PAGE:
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September 29, 2014

Network Rail starts renovation work on Brighton Main Line in UK

UK's railway infrastructure operator Network rail has started construction work on the Brighton Main Line as part of a multi-million pound project to deliver better and reliable passenger services.

By Samseer M

Network Rail_upgradation work

UK’s railway infrastructure operator Network rail has started construction work on the Brighton Main Line as part of a multi-million pound project to deliver better and reliable passenger services.

Work on the planned improvement programme will start on the last weekend of this month and will continue during the four weekends in October.

Enhancements on the line include a new track, new signalling system, better drainage and a new footbridge.

Network Rail route managing director Dave Ward said: "By upgrading the track at two important junctions, we will reduce the need for ongoing maintenance, which actually means less disruption for passengers in the long-run and we will also improve the smoothness and reliability of their journeys.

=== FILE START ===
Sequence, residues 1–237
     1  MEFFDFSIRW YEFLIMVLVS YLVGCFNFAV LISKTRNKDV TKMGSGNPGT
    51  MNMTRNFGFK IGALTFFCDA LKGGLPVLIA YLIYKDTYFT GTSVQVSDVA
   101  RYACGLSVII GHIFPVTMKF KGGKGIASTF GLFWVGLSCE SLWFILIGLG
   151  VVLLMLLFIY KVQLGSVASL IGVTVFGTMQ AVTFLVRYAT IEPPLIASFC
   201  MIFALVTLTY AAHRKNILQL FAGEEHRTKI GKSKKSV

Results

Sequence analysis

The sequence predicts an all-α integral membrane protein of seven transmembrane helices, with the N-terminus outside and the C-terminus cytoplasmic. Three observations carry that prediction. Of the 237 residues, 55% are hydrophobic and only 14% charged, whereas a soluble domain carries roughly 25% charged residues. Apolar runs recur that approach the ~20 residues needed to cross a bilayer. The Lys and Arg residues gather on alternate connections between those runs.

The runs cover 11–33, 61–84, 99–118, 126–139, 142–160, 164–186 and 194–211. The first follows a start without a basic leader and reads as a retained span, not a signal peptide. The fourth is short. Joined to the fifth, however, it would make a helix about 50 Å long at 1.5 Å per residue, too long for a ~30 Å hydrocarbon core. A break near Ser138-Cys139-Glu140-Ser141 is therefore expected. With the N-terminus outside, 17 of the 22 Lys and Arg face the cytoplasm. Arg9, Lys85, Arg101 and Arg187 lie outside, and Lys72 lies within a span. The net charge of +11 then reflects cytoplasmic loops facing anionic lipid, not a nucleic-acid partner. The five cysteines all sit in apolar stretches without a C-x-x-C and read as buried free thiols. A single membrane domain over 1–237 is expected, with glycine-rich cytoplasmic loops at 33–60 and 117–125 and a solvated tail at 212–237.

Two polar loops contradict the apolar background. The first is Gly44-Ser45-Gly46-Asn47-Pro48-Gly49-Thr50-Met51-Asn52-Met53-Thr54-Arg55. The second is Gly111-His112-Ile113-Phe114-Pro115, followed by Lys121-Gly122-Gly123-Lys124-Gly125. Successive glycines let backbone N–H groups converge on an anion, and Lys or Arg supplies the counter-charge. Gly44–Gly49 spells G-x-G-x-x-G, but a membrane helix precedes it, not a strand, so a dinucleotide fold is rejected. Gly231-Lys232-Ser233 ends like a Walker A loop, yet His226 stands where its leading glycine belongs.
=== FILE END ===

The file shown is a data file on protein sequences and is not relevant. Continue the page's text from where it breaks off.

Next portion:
"Doing our drainage and signalling upgrades at the same time means we are making the best use of the time we have while the line is closed."

"Doing our drainage and signalling upgrades at the same time means we are making the best use of the time we have while the line is closed."

As part of this project, tracks and points will be deployed at Hayward’s Heath junction and Keymer Junction, where the lines from Lewes connect the Brighton Main Line.

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The 40-year-old tracks in these areas have caused delays and speed restrictions for trains.

Along with these, Hayward’s Heath Tunnel will witness a drainage work and a new footbridge will be installed near Balcombe, replacing a closed foot crossing.

Southern deputy managing director David Scorey said: "The work will mean that journeys on the Brighton Main Line south of Three Bridges will have to be made partly by bus, but to get a more reliable railway, which is something we and our passengers very much want, the work needs to be done."

Installation of the new bidirectional signalling in the Balcombe area will allow trains to run in either direction on each track.


Image: Network rail engineer carries out renovation works during night to minimise disruptions. Photo: courtesy of Network Rail.

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